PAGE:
For those who see Jewish law as stuck in the ancient past, with nothing to say to us in the 21st century, here is something meaty to chew on. The next generation of faux meat is here, with yet another generation only a couple of years away, presenting us with issues, many of which are complex, that need to be addressed.
The current concern is a new type of veggie burger that looks, acts, and tastes like meat-based burgers. Specifically, a number of kosher eateries in our area now offer the Impossible Burger, a faux meat product that has been getting a great deal of media buzz of late — CNBC, BBC, Forbes, Wall Street Journal, Wired, to name just a few — precisely because it looks like a burger, cooks like a burger, and even “bleeds” like a burger.
The Impossible Burger is produced by a Silicon Valley startup that claims —apparently with justification (“apparently,” because I have yet to try one) — that its products “deliver all the flavor, aroma and beefiness of meat from cows,” but is made entirely from plants.
The key ingredient is a virtually unpronounceable protein the company extracts from soy, called leghemoglobin. It sounds rather “bloody” (it is a close relative to myoglobin, which is found in the muscle tissue of most mammals), and it is what makes the Impossible Burger “bloody” because it is “atom-for-atom identical to the heme molecule found in meat,” the company says.
Impossible products are available only in restaurants for now and they are OU certified. Another company, Beyond Meat, which also is getting some notice, is available in certain stores (like Whole Foods), but is not yet kosher certified.
If, in fact, one is unable to distinguish between a real meat burger and these new plant-based creations (Business Insider rated it better-tasting than a burger served at a popular hamburger chain), there is the thorny issue of marit ayin, essentially performing an act that only appears to be prohibited. An onlooker, however, may get the idea that the actual prohibited act is now a permitted one. (“I guess cheeseburgers are okay now, since he’s eating one.”) Building a fence around this rule, the Babylonian Talmud tractate Shabbat 64b says, “Rav Yehuda quoted Rav as saying: ‘Wherever the Sages prohibited [an action] due to marit ha-ayin, even in private [where no one will see it,] it is prohibited.”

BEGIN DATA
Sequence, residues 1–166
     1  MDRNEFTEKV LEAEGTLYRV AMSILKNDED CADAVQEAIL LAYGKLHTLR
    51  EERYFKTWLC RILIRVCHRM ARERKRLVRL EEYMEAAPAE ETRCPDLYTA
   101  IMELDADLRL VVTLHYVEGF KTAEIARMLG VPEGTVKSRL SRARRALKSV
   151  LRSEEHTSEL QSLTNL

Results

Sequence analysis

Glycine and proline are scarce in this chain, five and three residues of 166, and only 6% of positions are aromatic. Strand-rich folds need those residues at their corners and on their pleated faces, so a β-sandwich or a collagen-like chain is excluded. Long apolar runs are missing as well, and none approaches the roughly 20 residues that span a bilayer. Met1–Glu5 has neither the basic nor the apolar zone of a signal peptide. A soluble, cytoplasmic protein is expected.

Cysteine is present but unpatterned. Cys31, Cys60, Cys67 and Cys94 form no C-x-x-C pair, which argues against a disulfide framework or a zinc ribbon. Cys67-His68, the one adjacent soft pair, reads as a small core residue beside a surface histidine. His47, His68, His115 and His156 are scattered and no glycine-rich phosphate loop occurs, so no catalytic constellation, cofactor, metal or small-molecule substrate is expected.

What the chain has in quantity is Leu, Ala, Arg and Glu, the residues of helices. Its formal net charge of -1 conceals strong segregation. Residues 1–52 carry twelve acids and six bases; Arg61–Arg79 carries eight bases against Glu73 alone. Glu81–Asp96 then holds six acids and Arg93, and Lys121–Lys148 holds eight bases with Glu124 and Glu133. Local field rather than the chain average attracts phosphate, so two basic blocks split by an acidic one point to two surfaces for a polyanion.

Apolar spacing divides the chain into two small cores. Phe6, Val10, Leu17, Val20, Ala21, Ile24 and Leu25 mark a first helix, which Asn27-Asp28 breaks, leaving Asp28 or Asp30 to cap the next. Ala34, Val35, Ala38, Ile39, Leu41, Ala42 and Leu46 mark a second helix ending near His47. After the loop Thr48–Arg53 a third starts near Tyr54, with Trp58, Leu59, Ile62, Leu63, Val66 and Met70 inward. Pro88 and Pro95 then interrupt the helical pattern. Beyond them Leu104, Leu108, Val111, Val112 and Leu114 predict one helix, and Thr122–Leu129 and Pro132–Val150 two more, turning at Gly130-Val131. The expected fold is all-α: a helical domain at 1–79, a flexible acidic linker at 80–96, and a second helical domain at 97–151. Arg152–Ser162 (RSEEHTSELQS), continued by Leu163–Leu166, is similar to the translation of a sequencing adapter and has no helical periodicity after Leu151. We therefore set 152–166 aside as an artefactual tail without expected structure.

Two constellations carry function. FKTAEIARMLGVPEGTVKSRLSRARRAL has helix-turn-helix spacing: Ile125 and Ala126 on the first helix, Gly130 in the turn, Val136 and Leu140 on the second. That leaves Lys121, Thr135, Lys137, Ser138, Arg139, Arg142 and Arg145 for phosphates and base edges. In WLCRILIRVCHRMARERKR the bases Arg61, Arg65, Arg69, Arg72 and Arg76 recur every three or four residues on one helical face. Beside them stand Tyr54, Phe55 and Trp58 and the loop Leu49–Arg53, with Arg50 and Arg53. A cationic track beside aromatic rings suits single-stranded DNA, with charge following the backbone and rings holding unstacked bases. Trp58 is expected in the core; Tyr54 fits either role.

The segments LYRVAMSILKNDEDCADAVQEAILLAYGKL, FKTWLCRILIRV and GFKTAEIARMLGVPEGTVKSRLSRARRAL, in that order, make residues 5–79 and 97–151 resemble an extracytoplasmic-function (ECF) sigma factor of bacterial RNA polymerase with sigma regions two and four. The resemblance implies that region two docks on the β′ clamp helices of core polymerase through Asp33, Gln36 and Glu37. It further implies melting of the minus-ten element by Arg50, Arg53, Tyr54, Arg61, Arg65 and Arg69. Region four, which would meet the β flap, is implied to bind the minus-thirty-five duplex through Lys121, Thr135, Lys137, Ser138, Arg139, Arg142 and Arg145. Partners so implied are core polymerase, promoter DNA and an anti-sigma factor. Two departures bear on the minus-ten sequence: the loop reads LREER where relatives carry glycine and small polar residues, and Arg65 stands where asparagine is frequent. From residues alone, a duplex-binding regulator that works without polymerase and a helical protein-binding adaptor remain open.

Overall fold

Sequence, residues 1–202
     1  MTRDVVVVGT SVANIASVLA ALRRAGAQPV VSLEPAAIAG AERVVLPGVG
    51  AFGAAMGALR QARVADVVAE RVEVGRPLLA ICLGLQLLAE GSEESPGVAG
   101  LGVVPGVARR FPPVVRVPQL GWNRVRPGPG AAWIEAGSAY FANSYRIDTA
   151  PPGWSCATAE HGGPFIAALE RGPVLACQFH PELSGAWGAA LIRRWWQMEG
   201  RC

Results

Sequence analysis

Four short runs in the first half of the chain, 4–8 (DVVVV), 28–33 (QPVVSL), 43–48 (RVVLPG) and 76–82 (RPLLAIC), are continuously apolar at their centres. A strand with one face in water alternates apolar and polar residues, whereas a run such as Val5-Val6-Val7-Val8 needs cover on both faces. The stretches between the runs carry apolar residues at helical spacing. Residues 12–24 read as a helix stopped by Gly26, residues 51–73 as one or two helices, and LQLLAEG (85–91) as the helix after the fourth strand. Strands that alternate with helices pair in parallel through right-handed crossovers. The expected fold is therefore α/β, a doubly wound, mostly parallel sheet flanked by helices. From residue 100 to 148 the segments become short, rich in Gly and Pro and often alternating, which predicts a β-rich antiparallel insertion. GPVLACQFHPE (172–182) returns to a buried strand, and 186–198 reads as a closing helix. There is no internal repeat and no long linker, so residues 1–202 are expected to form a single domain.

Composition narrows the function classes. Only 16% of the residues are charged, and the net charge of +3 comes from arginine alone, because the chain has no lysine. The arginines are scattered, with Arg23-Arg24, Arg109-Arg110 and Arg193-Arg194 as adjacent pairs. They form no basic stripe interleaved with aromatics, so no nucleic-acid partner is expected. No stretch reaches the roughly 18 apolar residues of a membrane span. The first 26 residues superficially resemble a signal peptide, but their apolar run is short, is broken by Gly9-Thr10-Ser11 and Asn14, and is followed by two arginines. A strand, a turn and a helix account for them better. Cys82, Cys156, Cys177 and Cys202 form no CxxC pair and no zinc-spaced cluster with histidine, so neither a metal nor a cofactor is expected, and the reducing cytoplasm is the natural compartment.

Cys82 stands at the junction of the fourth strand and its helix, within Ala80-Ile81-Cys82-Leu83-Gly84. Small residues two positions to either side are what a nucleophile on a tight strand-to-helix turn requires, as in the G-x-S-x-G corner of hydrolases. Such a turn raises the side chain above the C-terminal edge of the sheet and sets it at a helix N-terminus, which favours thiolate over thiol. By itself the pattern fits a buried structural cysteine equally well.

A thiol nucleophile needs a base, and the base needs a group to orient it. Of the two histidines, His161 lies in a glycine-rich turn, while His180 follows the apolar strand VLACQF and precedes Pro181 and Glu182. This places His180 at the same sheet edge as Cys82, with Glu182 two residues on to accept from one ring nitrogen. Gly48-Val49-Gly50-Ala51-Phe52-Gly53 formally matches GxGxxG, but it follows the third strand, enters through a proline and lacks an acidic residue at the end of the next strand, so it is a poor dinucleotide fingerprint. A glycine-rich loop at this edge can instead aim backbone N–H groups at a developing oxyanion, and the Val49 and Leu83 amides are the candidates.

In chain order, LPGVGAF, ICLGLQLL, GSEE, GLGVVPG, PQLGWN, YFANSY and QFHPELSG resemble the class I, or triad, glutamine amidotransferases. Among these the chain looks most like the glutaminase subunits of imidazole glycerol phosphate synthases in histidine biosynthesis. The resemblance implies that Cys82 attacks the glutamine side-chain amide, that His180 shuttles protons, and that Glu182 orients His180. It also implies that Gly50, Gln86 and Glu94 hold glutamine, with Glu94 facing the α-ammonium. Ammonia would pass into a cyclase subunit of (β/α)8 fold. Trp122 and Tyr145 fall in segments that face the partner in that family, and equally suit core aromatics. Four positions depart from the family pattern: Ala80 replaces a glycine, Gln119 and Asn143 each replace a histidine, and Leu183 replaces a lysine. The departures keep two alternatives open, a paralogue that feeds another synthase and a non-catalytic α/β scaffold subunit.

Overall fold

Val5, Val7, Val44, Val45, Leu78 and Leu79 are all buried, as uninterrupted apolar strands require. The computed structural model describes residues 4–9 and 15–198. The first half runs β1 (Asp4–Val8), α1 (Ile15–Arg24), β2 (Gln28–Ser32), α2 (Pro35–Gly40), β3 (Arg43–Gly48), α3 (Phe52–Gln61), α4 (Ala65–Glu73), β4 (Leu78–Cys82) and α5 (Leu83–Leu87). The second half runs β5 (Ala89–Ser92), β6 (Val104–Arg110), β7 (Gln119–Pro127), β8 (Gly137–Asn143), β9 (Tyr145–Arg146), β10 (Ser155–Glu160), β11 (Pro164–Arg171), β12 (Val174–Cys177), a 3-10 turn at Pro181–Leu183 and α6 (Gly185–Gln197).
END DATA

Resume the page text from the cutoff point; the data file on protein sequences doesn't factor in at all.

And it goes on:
Not everyone agreed with Rav, however, as the discussion in Shabbat 64b notes. Based on its ruling, the Jerusalem Talmud also disagreed. (See the gemara portion of JT Chullin, Chapter 9.1.)
Obviously, eating an Impossible Burger in a restaurant is not eating it in private, so marit ayin would seem to apply, especially when eating a “cheeseburger.” Other factors come into play, however. For example, faux cheeseburgers made with traditional veggie burgers are no longer uncommon for kosher consumers. Then again, the Impossible Burger looks like real meat. Is it fair to assume its cheeseburger nevertheless falls into the acceptable category?
One possible answer was provided by the late Rabbi Moshe Feinstein (see his Igrot Moshe, Orach Chayim, page 243.2). Something that was once forbidden because of marit ayin but now has become commonplace no longer is subject to this rule. It is commonplace to use soy milk, or cashew milk, or non-dairy creamer during a meat meal, so why not add a piece of real cheese to a faux meat burger, even if it looks like real meat? Should it not be considered the same as faux milk?
What, however, would be the case if the “faux meat” product was not “faux” at all, but was “real meat,” albeit made in a laboratory?